Nexto 01

The Spicy Bacon Miso ramen includes layers of eggplant, pickled ginger, scallions and bean sprouts in a savory broth.

Ramen is not just a staple for college students any longer. In fact, the dish is seeing a rise in popularity with many interpretations in restaurants throughout Atlanta. And I’m not talking about the dried stuff that comes in a plastic package. I’m talking about big bowls filled with vegetables, spices and meats mixed in savory broths and layers of freshly made ramen noodles. It’s a flexible dish that can come in many forms, but the best bang for your buck may be at the recently opened restaurant Nexto located right off the BeltLine on Ralph McGill Blvd.

The outside of Nexto looks inconspicuous, but that’s just part of its charm. Located in a large, industrial-looking shed in the shadow of Two Urban Licks, the red neon glow of a happy face will lead you to the right place. Once inside, the open dining area and kitchen is both modern and chic while still inviting guests to sit down and slurp up. Part of the welcoming atmosphere radiates from Chef Mihoko Obunai who said that big bowls of satisfying soups are her specialty.

While the ramen is the star attraction at Nexto, you’ll want to sample some of the cold and hot appetizers, binchotan (small, grilled dishes) like the Okonomiyaki, a savory Japanese pancake that combines bacon and squid or the brassica salad with kale, Brussels sprouts, almond, parmesan and Goma miso for some flavorful crunch.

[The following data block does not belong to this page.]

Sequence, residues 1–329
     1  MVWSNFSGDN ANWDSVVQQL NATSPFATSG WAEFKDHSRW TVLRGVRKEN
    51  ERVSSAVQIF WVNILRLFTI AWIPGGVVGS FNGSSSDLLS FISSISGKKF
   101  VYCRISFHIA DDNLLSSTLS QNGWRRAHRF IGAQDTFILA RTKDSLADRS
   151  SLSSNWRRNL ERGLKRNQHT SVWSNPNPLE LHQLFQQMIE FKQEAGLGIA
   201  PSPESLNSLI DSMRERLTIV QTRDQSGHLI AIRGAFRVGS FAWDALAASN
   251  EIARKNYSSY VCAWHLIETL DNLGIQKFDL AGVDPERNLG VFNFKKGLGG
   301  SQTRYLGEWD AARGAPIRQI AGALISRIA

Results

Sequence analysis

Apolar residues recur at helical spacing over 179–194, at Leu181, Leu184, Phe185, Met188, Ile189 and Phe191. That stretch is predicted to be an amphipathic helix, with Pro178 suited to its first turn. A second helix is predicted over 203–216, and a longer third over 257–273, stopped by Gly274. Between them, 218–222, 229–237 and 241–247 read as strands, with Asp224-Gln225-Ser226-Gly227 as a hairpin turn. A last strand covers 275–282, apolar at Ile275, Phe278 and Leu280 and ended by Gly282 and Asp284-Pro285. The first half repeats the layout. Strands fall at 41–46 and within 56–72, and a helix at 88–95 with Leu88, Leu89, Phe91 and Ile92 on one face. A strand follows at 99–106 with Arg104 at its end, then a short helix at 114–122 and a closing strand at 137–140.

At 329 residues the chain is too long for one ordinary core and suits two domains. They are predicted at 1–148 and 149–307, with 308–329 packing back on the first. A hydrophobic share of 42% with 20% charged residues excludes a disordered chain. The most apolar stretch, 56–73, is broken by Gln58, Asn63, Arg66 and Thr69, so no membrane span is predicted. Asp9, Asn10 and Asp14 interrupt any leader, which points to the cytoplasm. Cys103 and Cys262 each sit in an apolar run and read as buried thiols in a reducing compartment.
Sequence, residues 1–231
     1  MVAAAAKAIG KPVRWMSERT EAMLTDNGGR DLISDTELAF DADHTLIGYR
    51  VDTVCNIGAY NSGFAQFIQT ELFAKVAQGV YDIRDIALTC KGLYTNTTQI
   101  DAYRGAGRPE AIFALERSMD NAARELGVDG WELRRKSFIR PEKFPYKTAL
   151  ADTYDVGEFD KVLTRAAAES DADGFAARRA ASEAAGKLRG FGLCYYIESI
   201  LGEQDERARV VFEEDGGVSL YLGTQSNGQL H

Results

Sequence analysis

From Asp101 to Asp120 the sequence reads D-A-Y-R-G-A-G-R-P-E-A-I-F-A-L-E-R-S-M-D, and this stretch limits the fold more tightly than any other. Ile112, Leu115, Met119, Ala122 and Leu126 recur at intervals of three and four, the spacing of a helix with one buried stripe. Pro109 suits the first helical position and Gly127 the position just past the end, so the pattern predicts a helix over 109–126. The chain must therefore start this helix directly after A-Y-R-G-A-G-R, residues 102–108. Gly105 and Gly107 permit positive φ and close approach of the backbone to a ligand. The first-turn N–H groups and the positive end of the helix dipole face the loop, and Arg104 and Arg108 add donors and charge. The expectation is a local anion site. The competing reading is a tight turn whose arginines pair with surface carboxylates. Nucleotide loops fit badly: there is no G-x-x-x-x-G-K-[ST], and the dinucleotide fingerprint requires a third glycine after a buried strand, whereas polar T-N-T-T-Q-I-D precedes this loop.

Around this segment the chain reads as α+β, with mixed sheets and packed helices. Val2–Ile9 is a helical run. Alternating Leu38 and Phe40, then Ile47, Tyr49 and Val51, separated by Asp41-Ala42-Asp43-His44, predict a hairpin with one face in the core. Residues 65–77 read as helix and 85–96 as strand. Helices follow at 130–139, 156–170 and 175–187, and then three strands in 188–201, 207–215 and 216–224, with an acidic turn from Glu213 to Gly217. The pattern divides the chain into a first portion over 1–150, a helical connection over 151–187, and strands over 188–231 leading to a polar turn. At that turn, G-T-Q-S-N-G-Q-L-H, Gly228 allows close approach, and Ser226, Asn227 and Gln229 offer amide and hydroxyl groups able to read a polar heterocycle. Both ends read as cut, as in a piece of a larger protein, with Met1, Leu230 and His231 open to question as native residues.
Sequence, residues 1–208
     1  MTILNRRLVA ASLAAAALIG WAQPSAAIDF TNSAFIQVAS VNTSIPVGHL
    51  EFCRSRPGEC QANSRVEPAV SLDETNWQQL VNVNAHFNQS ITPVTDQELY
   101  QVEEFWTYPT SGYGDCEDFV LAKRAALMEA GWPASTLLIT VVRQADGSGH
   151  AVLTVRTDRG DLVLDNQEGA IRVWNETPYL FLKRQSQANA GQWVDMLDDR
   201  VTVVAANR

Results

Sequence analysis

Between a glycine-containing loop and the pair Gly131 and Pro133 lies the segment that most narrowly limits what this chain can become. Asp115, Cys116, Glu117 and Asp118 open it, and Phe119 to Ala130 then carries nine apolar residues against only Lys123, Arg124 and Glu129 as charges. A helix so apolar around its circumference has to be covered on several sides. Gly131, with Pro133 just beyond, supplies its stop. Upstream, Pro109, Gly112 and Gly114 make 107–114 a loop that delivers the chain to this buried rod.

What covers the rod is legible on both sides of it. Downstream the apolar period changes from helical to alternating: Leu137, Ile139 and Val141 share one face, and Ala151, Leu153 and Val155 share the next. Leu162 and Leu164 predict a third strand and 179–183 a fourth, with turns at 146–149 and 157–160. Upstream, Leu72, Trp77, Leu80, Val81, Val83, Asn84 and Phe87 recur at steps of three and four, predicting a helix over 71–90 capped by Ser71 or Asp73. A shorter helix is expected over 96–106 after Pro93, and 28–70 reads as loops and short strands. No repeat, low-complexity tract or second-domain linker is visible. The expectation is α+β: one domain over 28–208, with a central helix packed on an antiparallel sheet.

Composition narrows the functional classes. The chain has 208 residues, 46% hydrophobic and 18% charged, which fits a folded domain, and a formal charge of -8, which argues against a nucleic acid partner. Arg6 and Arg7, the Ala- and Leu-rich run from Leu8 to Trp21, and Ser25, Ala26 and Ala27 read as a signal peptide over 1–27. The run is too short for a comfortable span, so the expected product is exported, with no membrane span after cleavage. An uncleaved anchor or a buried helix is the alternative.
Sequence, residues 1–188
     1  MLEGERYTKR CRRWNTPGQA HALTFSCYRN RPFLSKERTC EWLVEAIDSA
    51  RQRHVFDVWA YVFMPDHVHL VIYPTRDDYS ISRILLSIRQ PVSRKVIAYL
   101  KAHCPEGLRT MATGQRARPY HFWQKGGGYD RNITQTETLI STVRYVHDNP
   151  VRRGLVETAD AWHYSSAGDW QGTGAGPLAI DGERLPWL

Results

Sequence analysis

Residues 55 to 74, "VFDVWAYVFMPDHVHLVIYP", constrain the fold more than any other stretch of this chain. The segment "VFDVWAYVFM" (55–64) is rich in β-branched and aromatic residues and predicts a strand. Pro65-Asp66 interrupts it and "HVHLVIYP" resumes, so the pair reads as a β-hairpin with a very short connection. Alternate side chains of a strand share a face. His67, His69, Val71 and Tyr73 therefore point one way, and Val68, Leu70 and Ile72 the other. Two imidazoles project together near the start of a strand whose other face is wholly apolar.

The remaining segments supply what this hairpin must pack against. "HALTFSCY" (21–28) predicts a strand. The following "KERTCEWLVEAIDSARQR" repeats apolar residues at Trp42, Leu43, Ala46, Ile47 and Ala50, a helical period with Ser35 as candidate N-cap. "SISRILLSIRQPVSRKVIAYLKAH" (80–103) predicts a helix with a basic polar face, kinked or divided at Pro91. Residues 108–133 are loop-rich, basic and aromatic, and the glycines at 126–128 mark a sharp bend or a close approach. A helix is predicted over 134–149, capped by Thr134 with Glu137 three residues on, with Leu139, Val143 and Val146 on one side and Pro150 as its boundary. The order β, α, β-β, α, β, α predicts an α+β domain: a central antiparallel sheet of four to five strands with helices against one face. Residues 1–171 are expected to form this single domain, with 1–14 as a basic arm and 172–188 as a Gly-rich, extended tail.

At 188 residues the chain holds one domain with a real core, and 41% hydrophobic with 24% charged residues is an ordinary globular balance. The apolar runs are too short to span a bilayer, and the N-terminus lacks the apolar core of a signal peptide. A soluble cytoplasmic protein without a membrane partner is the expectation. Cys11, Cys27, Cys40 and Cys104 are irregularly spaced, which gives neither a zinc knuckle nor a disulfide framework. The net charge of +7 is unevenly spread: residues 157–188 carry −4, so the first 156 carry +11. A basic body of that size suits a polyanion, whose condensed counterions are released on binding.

The bar is a highlight of the dining experience at Nexto with a large selection of various sakes and mixed drinks that hit all the right notes. Both the Raba, made with Shochu, vodka, lemon and pineapple ginger syrup and the Chu-Hai, made with Shochu, lemon grass infused gin, lychee, lime and tonic were well balanced, just the right amount of sweet and complex in taste.

When it comes to the ramen, each bowl’s flavors range from subtle to spicy, delicate to savory and everything in between. The Kurobuta Tonkotsu with fermented bamboo shoots, egg and scallions has a milder, seaweed laden broth and delicious homemade ramen as the bed for perfectly cooked and tender pork belly. The Spicy Bacon Miso packs more of a savory punch with eggplant and pickled ginger to accompany the noodles.

Obunai encourages her guests to slurp up and considering no plate on the menu is more than $16, the food is comforting for your belly and your wallet. So next time you’re braving chilly weather on the BeltLine, ditch the plastic noodle packages and warm up with an authentic ramen bowl at Nexto.

Nexto is open Monday through Wednesday from 6 p.m. to 11 p.m., Thursday through Saturday from 6 p.m. to 2 a.m. and is closed Sundays. For more information, visit


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